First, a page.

Before Bon Iver and Megafaun, there was DeYarmond Edison (2023)

This article is adapted from the first chapter of Grayson Haver Currin's 114-page biography of DeYarmond Edison, which will accompany the definitive 5LP/4CD box set.Eras- tells the story of how childhood friends Brad Cook, Phil Cook, Justin Vernon and Joe Westerlund formed the band that later became Bon Iver and Megafaun. Used with permission from Jagjaguwar and Shore Fire Media, © 2023.

Phil Cook couldn't sleep. He was ready to go, although he still didn't know where.

In December 2004, Phil and his new girlfriend, Heather Williams, drove the 11 hours from Eau Claire to Nashville, stopping only when necessary for gas and food. They had known each other for years, they were college friends, but as Heather says, this trip was their first real date.

Phil had just bought his first beautiful banjo, a Deering, with his tax return, and he was excited about traditional Appalachian music: bluegrass, vintage, and country, things he'd picked up in Wisconsin mostly through records and books. When a mutual friend gave the couple a CD-R from an appearance on The Old Crow Medicine Show, they fell in love with the song. His energy summoned the jam bands of his youth, only in an exciting and exotic language. When they found out that the group would be playing a three-day booth at Nashville's legendary Station Inn as a way to cap off their successful year, Phil and Heather decided to go for it.

Nashville electrified her. It was unlikely that they would get tickets for each night by waiting in line. Heather ate cake backstage with Gillian Welch. Phil laughed when he heard her name pronounced in a thick Southern accent in a pizzeria. You wouldn't get that in Wisconsin.

“I felt the pulse of a city that really has a lot to offer in music,” says Phil 15 years later, smiling at the dinner table he shared with his wife Heather Williams Cook at the time. “The thrill of being at the Station Inn and feeling this living thing happening right there, but it was so ingrained in that lore that it felt alive.”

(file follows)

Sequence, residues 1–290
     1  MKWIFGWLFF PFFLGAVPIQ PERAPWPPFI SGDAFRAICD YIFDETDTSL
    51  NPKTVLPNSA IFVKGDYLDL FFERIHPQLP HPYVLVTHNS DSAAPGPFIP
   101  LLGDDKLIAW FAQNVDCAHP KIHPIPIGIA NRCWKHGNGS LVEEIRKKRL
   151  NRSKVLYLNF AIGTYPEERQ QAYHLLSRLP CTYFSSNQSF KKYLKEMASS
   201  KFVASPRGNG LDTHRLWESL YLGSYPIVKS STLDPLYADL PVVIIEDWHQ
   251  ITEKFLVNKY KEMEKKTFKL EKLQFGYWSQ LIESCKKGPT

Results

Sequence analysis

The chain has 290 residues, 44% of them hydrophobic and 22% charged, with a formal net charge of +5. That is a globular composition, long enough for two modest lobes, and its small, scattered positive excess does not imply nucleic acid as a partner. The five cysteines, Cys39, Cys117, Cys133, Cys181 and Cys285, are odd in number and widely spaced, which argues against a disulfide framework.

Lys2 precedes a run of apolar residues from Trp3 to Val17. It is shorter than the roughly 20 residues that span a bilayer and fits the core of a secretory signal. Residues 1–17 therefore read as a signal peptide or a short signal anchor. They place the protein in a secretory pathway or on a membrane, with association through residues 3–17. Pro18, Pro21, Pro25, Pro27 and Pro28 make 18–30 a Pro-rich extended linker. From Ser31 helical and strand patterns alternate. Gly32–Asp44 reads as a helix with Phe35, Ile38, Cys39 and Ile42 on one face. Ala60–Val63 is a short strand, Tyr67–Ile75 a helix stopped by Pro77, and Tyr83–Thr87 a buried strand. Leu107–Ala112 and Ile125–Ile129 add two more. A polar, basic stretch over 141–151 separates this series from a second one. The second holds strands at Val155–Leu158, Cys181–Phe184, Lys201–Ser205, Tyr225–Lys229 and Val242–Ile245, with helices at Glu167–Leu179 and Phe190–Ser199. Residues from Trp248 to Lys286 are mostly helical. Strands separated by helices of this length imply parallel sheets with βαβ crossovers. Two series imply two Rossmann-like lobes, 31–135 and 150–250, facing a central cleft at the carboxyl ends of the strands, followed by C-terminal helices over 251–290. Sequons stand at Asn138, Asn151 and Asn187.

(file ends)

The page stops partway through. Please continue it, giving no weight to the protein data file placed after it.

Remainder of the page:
For weeks, Phil spoke at home about the experience and adventure. A recent graduate of the University of Wisconsin-Eau Claire, he worked as a consultant in a pre-college program. He liked the job, but at 25 he wondered if this was what he wanted for the rest of his life.

Finally there was music. Phil was a piano genius growing up and currently plays in two bands with his younger brother Brad. Amateur Love was a brilliant electro-pop quartet fronted by a Dynamo songwriter who was relatively new to town. The other, DeYarmond Edison, was a no-nonsense folk-rock group led by Justin Vernon, one of Phil's closest friends and someone he'd been making music with for over half a decade. For years, the band's leaders were friendly rivals, the brooding guy and the melodic musician, but things started to go downhill. Justin made it clear to the brothers that he no longer wanted to break up their band.

“They were so much nicer, better,” recalls Justin. “I was definitely against the wall, very jealous and insecure. I said things like, 'You guys leave the band or I'm done with this'."

Suddenly inspired by Nashville and constantly unsettled by conflict, Phil devised a plan. Long after midnight in early 2005, he burst through the doors of his band and roommates Justin and Brad. He had to move. He wanted DeYarmond Edison to go too.